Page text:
It seems that over the years several Caponord and other bike/car related websites have ported themselves over to Facebook – such that I eventually capitulated and joined, albeit in a totally locked down way. And of course over those years I’ve been inundated with zillions of worthless adverts ….. until now. One has proved very worthwhile indeed!
More specifically – JB Fabrications – who were advertising an engine mount adapter specifically for the V990 engine. At £48.45 including postage I was in. Working on a lump like the V990 on a workbench (or the floor!) is a real pain -literally! I’ve spent more time than I care to recollect having to drop tools mid-job simply because my back has tweaked up because of the awkward position I’m working in. This adapter will apparently work with Clarke and Sealy engine mount stands – I chose the Clarke CE340, which can handle engines up to 340Kg (V990 = 65Kg). This stand allows the engine to be rotated 360º and locked off at 45º increments.
The adapter only took a few days to arrive. It was well packaged and the paint finish and welding all appear to be decent quality. The engine stand took a few days longer to arrive, but to be fair it was ordered later! Assembly took about 30 minutes with a crafty tea-break thrown in. This of course, is all well and good …. however the engine has to be lifted about 1.5m into the air to get it into the adapter, and that’s no easy task at nearly 70Kg.
Thank goodness there is an electric workshop hoist to hand – rated at 150Kg/300Kg capacity. This is mounted to a cross-beam in the workshop and is more than capable of lifting the engine nicely into place, especially when using the 300Kg setting as this reduces the raise/lower speed by half – handy when trying to jiggle a bolt into position. Of course It also comes in rather useful for doing other bike related tasks as well!
If all goes to plan, later this year the second Rally-Raid that’s currently being rebuilt, will finally get a motor installed. The plan is to use a big-bore motor …. an 1,103cc in place of the standard 998cc. The compression and valve timing will remain bog-standard Caponord (10.5/1 Inlet timing – 25°BTDC/37°ABDC and Exhaust timing – 57°BBDC/5°ATDC). However to accommodate the increase in air-flow, I’ve decided to use Futura 51mm throttle bodies instead of the Caponord 47mm items.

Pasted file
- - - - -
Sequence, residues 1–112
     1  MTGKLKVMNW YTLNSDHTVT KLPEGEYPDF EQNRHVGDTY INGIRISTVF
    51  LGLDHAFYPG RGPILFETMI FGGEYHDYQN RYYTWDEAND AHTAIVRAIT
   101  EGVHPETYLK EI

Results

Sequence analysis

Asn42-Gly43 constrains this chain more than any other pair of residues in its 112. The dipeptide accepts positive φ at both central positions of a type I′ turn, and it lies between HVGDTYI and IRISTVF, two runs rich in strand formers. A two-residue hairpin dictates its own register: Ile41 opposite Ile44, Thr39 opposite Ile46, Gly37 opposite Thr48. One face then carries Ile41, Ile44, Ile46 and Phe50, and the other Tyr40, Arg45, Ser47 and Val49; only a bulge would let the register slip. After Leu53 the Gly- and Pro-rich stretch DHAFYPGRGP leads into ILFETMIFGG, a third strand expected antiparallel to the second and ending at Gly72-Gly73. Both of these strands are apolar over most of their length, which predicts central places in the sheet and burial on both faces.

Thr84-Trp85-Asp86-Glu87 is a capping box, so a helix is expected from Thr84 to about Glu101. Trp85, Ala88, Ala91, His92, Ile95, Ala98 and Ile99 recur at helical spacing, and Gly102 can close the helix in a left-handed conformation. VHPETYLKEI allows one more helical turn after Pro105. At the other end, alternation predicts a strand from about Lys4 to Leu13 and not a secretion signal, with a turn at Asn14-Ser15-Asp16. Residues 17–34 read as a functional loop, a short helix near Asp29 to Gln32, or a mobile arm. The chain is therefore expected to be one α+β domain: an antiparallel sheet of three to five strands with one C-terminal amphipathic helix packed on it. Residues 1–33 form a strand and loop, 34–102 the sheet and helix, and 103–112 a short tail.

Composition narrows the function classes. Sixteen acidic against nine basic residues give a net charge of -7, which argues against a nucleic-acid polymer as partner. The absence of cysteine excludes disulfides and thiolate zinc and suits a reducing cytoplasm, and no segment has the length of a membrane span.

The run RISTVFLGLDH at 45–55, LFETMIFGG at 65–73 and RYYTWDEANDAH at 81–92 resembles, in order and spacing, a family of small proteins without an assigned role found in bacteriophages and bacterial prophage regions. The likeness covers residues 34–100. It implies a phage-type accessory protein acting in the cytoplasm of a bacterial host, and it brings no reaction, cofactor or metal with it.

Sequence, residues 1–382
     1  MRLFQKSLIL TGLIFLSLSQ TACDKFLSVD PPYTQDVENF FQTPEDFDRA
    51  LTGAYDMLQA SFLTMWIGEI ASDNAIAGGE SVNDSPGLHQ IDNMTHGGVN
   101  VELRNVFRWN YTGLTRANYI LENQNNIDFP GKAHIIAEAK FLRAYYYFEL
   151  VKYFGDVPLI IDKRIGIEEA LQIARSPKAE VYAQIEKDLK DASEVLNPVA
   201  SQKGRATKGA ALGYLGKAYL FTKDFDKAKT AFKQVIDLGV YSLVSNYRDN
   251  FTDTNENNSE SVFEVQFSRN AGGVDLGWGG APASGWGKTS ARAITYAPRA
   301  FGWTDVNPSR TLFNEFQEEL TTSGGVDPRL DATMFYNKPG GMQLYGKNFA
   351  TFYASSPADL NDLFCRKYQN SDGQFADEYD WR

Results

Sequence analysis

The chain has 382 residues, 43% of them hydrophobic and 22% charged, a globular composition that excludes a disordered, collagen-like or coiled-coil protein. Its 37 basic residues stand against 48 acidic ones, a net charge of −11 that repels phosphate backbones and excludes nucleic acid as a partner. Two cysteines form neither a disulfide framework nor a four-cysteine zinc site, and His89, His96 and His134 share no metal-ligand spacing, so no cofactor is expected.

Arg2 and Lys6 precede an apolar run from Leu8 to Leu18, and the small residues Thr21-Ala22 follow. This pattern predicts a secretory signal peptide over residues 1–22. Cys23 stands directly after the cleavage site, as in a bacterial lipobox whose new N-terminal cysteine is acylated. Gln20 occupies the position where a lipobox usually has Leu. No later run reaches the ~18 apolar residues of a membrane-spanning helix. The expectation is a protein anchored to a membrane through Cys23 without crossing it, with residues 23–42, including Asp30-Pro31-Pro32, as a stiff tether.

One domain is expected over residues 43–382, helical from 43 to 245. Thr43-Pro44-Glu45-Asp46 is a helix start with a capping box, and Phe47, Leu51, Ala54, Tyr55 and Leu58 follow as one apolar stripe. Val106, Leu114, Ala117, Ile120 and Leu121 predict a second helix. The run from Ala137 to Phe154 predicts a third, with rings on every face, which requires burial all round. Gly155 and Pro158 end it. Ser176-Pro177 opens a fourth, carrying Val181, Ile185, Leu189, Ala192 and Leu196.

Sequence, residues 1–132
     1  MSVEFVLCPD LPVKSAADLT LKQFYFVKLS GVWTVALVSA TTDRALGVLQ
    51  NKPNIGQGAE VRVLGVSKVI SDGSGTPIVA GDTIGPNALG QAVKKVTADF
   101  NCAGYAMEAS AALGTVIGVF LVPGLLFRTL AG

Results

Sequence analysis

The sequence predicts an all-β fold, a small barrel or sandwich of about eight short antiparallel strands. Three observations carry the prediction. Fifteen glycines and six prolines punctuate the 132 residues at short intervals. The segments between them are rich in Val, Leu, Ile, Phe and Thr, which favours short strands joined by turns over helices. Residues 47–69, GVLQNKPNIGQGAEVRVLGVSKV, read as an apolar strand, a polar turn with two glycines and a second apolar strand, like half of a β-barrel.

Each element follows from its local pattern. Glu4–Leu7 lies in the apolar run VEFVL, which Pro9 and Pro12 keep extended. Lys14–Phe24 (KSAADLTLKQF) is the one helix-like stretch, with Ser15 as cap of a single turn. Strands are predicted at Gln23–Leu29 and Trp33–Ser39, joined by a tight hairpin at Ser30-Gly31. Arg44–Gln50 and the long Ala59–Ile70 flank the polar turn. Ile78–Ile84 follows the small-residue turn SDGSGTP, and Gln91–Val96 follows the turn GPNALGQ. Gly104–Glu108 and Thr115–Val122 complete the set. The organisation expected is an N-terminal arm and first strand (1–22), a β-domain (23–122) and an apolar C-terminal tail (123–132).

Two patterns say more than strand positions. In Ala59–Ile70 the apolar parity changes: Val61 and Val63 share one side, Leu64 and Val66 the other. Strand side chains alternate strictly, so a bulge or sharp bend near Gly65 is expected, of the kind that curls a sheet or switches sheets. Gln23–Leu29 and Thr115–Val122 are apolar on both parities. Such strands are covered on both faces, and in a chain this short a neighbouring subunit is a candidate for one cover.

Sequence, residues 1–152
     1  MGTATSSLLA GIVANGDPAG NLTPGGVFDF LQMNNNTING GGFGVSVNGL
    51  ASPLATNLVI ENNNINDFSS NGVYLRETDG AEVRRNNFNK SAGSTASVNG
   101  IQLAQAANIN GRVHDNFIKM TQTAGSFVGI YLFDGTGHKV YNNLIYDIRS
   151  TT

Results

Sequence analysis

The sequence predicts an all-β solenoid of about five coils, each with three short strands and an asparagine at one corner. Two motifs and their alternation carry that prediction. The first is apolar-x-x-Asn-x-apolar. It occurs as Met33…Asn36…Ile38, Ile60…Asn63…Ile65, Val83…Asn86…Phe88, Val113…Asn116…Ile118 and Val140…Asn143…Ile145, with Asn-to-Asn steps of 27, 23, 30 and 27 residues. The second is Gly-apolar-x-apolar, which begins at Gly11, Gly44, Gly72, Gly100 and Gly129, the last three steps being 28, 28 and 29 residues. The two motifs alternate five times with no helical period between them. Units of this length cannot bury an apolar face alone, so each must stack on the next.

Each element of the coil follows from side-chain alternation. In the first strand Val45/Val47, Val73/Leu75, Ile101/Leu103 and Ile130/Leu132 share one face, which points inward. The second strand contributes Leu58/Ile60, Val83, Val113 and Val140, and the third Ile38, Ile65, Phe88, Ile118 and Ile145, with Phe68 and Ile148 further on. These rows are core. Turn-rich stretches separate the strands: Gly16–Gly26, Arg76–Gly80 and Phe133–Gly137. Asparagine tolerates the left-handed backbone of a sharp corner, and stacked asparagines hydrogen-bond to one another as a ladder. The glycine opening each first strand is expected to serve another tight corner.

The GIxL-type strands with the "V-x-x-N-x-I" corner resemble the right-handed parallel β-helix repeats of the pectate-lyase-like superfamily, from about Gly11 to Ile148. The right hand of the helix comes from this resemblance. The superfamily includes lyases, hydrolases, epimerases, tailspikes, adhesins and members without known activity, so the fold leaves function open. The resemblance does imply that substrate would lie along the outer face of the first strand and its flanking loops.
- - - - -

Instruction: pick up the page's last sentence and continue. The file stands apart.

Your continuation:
Meanwhile on top of this chunky aluminium marvel sits a pair of velocity stacks. These stacks vary in height (and diameter) depending on the intended tune of the engine. The RSV Mille of course is designed as a race-rep and as such wants high horsepower at high RPM – hence 57mm throttle bodies and very short velocity stacks. On the other hand the Caponord was tuned for improved low-end grunt and so has small throttle bodies (47mm) and tall velocity stacks to maintain good gas flow speed at low RPM. The Futura seems to sit firmly between the two!
Now of course I could simply use the medium height velocity stacks straight off a Futura, but I decided to go a different route and print a new pair of hybrid stacks – Caponord height BUT 51mm diameter to fit the Futura throttle bodies. Unlike ABS, Colorfabb Ngen (Co-Polyester) can’t be vapour polished with Acetone, so I’ll have to sand the venturi down with a variety of grades of wet-and-dry up to 2,000 grit and maybe finish it off with something like Quixx plastic polish – if it works on this stuff! Here’s a couple of pics comparing the original and new version – straight out of the printer!
Unfortunately 3D parts (unless made on high-end machines) don’t typically have the same strength as injection molded or machined parts – but they do make great ‘proof-of-concept’ parts! If these stacks prove to be a positive step forward, but not durable enough for the working environment, I can at least get the drawings to the machine shop and have them made in aluminium … but that’ll be a tad more expensive than 85p each off the printer! 🙁
Just had a spare half-hour to rub some 100/400 & 1200 grit paper down one of the stacks and all I can say is – WOW! This material rubs up lovely and probably a couple more sessions will see it through. All the print-ridges have gone and I can’t feel anything but a nice smooth surface that retains a print pattern that makes it look quite distinctive. 🙂